- 1.5 Lt. or 6 cups of vegetable broth (or dissolve low-sodium, no MSG bouillon in water)
- fine sea salt, to taste
- ground black pepper, to taste
- 1 tbsp dried marjoram, or adjust to taste
- 4 tbsp all purpose flour (I’ve also used spelt and fine gluten-free oat flour)
- small bread loafs to use as bread bowls
- finely chopped chives or parsley to serve over soup
- Rinse the mushrooms to remove any dirt or debris, then place in small bowl and pour hot water over them; allow to soak until needed. In a large pot heat the oil and once warm add the onions, cook until soft and translucent. Add the garlic and sauté until soft, about 2 minutes. Add all of the chopped vegetables, except for mushrooms, and sauté for about 8 minutes, stirring often to prevent burning. Pour in the mushrooms, I also pour in the soaking water but that is up to you. Next sprinkle in the salt and pepper, then gently pour in water and stir until it is well combined. Over medium-low heat simmer until the vegetables become soft. After the vegetables have soften prepare the roux by mixing the flour with a bit of the soup broth until you have a lump-free thick liquid; pour it into the soup and allow to simmer for 15 minutes. Taste and adjust seasoning if desired, at this time add the dried marjoram and allow to simmer another 10 minutes. Again, taste and adjust seasonings if desired — sometimes I like to add a bit more marjoram but that is up to you.
- Preheat the oven to 200°C or 390°F and have a baking sheet ready to use. Cut a circle in the centre of the top of the bread loaf. Use a spoon to hollow out as much space inside of the bread as you wish. Gently brush the other part of the bread and the cut out “lid” with a some oil, lay on baking sheet and place inside oven. Allow the bread to crisp up a bit, or toast, this should take anywhere from 6-15 minutes depending on the size of your bread bowl. Carefully remove the toasted bread from oven place on serving plates. Ladle in the soup into the toasted bread bowl, garnish with either chopped chives or parsley if desired. You can place the bread lid over the bread bowl or serve it on the side for people to break off pieces and eat along with their soup.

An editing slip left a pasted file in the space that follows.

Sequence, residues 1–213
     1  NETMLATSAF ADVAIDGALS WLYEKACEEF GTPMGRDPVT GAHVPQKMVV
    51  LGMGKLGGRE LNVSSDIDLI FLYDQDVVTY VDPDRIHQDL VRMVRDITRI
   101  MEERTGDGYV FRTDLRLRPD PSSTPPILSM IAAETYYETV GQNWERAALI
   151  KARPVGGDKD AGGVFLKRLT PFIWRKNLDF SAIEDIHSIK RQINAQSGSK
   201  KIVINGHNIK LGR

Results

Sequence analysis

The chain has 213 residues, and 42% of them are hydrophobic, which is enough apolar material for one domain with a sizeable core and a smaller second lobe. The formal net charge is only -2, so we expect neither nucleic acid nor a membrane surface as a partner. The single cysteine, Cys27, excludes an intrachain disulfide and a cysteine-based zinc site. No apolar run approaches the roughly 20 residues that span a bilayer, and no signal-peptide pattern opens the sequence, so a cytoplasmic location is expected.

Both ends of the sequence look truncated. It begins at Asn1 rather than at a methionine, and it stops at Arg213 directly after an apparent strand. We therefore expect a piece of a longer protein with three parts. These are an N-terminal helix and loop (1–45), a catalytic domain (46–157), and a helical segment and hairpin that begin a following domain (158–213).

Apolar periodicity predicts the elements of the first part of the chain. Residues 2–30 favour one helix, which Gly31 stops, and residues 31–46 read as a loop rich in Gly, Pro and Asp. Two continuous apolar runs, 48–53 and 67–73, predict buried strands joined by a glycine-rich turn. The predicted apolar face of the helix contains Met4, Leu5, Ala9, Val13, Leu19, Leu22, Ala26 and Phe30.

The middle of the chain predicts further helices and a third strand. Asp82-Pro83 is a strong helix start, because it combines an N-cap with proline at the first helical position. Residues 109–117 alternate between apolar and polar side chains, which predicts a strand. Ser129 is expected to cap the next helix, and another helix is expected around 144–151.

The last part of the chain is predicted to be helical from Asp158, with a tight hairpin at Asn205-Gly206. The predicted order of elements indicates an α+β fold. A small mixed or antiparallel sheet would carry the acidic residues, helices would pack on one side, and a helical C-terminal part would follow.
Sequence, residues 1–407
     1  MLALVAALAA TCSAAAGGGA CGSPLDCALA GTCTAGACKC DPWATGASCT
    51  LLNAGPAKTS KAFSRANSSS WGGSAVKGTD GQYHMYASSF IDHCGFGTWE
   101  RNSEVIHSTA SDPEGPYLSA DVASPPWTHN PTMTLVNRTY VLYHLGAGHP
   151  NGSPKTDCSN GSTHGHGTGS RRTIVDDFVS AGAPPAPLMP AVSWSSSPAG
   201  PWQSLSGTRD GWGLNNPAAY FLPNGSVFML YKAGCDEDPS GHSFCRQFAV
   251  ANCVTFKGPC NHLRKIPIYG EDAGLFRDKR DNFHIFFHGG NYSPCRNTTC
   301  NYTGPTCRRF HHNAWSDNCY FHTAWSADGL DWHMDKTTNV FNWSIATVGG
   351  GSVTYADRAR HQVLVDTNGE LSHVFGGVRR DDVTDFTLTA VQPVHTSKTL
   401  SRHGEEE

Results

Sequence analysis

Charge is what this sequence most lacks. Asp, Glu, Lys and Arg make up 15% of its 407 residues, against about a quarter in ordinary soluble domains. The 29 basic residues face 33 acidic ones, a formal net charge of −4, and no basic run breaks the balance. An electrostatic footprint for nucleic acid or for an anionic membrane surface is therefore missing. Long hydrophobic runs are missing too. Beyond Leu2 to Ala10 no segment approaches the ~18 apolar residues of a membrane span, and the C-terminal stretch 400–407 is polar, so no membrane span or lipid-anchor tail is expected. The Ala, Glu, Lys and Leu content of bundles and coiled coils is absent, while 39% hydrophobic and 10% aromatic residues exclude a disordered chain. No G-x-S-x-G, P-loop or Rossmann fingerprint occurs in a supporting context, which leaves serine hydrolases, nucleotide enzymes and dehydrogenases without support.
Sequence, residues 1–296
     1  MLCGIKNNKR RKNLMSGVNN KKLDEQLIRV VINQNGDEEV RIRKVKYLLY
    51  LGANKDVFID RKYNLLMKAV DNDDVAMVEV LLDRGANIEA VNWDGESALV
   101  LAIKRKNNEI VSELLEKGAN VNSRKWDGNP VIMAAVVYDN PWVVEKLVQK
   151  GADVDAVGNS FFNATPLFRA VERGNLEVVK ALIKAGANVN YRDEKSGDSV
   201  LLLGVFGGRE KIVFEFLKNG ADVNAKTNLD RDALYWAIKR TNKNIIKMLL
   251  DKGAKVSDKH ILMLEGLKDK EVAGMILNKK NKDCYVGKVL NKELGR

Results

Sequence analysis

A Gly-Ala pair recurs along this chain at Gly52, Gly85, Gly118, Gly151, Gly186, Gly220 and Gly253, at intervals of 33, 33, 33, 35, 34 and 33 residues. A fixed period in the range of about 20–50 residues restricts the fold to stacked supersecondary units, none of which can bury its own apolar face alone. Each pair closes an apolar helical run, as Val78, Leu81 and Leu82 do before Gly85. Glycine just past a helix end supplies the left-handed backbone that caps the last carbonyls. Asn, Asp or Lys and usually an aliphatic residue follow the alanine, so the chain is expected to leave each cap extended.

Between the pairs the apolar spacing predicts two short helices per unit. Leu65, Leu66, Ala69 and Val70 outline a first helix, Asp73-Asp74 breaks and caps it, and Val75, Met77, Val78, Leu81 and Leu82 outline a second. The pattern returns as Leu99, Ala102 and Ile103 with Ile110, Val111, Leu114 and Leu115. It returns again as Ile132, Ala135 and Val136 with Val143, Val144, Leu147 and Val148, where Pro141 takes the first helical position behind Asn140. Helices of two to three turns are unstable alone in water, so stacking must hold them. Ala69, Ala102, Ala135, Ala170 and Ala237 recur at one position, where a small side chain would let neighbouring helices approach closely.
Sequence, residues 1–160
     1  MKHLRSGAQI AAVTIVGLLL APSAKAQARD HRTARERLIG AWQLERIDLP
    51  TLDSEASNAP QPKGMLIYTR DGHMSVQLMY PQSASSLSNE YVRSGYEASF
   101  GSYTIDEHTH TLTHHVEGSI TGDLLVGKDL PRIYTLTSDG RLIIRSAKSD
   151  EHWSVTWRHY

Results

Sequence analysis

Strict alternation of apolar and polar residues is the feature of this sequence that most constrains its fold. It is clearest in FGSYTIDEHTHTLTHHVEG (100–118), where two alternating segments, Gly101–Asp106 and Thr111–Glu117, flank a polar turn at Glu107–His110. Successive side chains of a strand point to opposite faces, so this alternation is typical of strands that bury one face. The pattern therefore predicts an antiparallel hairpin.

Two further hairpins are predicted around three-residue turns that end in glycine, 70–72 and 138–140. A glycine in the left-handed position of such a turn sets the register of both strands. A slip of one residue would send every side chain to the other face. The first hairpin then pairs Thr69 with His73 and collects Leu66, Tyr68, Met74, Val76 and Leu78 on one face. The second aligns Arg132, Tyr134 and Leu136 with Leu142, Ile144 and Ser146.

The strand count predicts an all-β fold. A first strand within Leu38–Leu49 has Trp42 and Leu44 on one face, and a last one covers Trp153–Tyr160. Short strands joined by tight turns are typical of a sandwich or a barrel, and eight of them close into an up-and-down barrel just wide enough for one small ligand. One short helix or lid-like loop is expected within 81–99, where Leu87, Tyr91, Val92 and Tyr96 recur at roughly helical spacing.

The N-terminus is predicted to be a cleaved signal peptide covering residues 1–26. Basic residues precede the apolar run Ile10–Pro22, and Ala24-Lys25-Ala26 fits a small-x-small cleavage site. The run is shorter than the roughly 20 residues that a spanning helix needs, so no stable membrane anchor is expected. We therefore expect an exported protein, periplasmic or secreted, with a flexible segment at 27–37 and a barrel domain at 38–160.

Bramboračka quickly became one of my most favourite soups, and even though I can no longer eat it inside a toasted bread bowl it will still continue to be among my favourites. Regardless if you serve it in a bread bowl or not this is a hearty meatless meal that your whole family will love.
Speaking of meatless meals, I have some great news to share with you. I am thrilled to announce that I am now an Official Blogger for the Meatless Monday movement. It’s great becoming an official part of the movement as meatless meals are among my favourite ones to cook, eat and share with you; I also think the work they are doing is wonderful. You know you don’t have to follow a vegetarian or vegan diet, just go meatless on Mondays.
Have a super (meat-free) Monday and don’t forget to check out my archives for many more meatless meals. Enjoy!